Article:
Inspired by our Hong Kong home, this month we’ve launched an exciting new crowdfunding project to help learn about the enigmatic biological and genetic history of the beautiful symbol of Hong Kong: the Bauhinia flower.
Hong Kong’s emblem is the beautiful flower of the Hong Kong Orchid Tree Bauhinia blakeana: mysterious in origin, beautiful to photograph, and lovely along the roadside and in any garden.
History of the Bauhinia flower
It was first discovered growing on a remote mountainside in Hong Kong in the 1880’s, but how it got there is a mystery – especially since it is sterile. But now, we have an opportunity to get a glimpse into its past by carrying out a crowdfunding project to determine its entire genetic make up.
In addition, it’s a project that everyone can be involved in: from gardeners to botanists, to photographers to school children, including local historians— really, to anyone interested in being a part of Hong Kong’s First Emblematic Genome Project and understanding the biological secrets of this unique flower.
A new crowdfunding project
Teaming up with BGI Hong Kong and scientists at the Chinese University of Hong Kong, this new crowdfunding project (launched here in the South China Morning Post) will use one of the best techniques to help uncover the secrets of any living being: sequencing the genome.
Determining every letter in an organism’s genetic code allows insight into its biology, evolution, and parentage, which is especially important for this flower, as its parents were clearly two different species.
Genome Sequencing is also one of the key technologies defining the 21st century, and a field in which Hong Kong has made major advances (for example in BGI Hong Kong’s giant sequencing capacity, as well circulating DNA diagnostics), though more effort is needed to engage and inform the general public.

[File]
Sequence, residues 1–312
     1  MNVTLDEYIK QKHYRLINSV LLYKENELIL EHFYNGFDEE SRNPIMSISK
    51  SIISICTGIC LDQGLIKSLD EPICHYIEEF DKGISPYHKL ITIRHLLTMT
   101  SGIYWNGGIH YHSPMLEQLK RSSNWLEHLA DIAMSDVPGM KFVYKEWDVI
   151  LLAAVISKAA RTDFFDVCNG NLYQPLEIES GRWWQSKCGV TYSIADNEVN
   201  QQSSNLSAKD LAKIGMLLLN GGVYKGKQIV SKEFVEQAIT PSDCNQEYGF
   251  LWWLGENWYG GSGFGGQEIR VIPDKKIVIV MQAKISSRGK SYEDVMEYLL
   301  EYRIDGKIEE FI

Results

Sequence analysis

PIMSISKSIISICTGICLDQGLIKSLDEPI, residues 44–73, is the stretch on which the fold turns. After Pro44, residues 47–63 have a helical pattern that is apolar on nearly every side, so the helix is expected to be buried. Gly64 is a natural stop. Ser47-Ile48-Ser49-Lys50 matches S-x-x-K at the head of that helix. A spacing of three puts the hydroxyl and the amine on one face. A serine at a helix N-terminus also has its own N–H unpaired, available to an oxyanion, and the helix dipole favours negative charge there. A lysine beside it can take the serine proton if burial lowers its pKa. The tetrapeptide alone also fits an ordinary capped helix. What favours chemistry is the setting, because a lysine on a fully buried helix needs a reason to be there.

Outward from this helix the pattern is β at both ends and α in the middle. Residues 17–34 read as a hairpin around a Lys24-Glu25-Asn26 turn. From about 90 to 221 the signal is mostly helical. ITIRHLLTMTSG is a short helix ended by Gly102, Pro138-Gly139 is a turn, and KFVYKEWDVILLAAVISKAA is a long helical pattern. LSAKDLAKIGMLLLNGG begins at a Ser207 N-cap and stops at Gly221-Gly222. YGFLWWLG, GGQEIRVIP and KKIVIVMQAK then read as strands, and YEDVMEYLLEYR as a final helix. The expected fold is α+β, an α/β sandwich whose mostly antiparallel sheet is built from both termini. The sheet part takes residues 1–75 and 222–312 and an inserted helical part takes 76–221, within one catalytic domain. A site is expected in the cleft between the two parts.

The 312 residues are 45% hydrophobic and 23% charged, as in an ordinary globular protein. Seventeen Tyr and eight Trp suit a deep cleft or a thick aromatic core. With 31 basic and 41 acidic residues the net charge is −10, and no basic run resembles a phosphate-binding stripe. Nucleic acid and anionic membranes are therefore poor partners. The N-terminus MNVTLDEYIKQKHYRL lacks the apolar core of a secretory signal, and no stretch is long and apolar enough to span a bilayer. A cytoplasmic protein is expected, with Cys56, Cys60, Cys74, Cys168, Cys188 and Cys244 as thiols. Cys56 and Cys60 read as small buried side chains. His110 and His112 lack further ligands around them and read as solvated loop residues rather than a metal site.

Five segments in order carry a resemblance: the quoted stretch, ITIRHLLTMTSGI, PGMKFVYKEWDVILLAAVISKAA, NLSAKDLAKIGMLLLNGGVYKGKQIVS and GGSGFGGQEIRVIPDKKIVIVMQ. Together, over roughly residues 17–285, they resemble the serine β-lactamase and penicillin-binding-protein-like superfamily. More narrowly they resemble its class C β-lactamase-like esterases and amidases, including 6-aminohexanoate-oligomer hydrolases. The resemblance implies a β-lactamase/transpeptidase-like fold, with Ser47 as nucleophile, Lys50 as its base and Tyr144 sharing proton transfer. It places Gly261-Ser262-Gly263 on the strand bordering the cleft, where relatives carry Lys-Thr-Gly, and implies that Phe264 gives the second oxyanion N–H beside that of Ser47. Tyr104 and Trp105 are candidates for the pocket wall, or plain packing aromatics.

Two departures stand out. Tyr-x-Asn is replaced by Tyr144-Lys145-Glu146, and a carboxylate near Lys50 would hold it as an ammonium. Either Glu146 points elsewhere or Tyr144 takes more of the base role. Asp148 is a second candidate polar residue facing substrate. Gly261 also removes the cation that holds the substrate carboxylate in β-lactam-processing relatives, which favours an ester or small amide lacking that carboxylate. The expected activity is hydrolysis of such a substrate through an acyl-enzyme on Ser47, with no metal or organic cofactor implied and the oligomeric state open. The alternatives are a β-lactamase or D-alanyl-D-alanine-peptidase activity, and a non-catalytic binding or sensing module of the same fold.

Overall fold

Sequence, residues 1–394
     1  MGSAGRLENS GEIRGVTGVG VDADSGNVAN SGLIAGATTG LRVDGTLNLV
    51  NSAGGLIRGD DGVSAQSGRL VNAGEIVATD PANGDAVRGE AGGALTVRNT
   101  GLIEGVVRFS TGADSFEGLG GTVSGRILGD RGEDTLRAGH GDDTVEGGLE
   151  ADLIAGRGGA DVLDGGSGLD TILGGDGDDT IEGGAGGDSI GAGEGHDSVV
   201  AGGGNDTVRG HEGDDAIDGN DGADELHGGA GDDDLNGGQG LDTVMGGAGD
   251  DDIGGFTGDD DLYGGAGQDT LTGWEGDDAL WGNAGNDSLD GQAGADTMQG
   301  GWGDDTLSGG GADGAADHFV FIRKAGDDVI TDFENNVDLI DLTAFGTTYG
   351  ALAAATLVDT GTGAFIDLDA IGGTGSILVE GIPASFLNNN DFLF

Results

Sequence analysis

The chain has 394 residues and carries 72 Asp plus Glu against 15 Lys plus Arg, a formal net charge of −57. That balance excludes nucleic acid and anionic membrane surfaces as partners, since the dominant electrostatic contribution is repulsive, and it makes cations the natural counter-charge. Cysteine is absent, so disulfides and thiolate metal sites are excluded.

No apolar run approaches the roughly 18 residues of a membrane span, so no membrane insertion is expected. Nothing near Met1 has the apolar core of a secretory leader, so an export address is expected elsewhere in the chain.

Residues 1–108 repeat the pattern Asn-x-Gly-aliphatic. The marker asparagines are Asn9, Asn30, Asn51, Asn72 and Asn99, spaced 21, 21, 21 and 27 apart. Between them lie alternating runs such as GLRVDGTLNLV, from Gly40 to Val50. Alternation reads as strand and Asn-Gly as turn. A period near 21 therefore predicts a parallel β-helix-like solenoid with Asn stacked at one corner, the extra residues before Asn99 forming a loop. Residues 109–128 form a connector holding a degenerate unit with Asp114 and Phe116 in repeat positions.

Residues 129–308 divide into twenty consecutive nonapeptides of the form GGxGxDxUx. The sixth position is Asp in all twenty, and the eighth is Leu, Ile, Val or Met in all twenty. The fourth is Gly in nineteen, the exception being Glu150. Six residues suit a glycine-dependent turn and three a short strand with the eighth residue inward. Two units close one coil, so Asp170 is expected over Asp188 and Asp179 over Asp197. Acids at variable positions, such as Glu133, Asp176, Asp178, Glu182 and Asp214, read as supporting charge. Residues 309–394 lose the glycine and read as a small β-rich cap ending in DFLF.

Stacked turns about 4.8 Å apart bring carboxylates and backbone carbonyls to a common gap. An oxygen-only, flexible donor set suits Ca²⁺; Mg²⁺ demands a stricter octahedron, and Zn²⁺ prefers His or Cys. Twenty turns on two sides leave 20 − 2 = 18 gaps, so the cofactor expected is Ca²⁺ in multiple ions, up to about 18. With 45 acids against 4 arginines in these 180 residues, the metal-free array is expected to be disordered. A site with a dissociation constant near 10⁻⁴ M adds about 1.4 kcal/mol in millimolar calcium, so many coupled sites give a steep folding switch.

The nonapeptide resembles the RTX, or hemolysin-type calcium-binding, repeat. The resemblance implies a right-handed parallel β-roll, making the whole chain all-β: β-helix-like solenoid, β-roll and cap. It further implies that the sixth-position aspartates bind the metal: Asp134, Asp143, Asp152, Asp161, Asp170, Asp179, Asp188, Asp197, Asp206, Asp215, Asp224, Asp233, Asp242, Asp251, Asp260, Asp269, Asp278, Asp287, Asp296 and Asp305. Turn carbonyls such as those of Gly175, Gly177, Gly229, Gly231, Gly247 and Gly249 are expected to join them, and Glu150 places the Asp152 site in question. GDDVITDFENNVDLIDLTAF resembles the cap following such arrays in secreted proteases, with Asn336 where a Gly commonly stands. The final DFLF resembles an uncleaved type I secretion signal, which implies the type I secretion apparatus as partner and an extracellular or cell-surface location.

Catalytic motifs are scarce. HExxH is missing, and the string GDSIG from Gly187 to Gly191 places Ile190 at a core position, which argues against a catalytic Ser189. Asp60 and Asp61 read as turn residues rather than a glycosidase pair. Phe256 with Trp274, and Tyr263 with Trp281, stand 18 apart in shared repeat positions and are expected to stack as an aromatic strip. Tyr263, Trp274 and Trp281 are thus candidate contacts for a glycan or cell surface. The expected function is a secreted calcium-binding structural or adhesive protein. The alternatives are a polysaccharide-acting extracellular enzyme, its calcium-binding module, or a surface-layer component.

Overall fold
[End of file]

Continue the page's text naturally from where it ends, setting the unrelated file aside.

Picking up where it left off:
To build such a cooperative endeavor, we’ve teamed up with a group of local based scientists from BGI-Hong Kong and the Chinese University of Hong Kong to launch the Hong Kong genome project.
Through sequencing the genome of the our emblem to better understand where it came from; this will help to train local students to assemble and analyze the data – crucial skills needed for this field to advance; and engage and educate the public through local pride (listen to our radio interview for an example of that).
The project seeks a variety of things from the community: at its most basic level, help in the form of donations can be provided at the project’s website. As a community project no contribution is too small, so please contribute via the crowdfunding page.
Furthermore, we’ll be carrying out community engagement and citizen science in Bauhinia Watch, where people in the community can inform researchers about sightings of the flower and its relatives, and look for the very rare individual plants that may produce seeds.
Photographs along with location information are especially desired and can be shared with the global community on social media (use the #BauhiniaWatch tag).
Also, getting involved in educating the community is key. The project’s website, in addition to explaining the science behind the project, provides information for identifying the different Bauhinia species, which can be fun for the whole family. (Now is the time! Bauhinia blakeana is in peak flowering season from November to March).
Moreover, this is a great opportunity for creating school projects, to learn about botany, evolution, the latest scientific technologies, and to participate in the research or carry out fundraising to join the Bauhinia community.
This will be the first Hong Kong genome project: funded by the public; sequenced in Hong Kong; assembled and analyzed by local students; and directly shared with the community.
Being Open Data advocates, all data produced will immediately be shared with our GigaDB platform, and all methods, analyses and teaching materials will be captured and made open to empower others to carry out similar efforts around the world.
Bauhinia Genome welcomes contributions and interest from across the globe, hoping this serves as a model to inspire and inform other national genome projects, and aid the development of crucial genomic literacy and skills across the globe; inspiring and training a new generation of scientists to use these tools to tackle the biggest threats to mankind: climate change, disease and food security.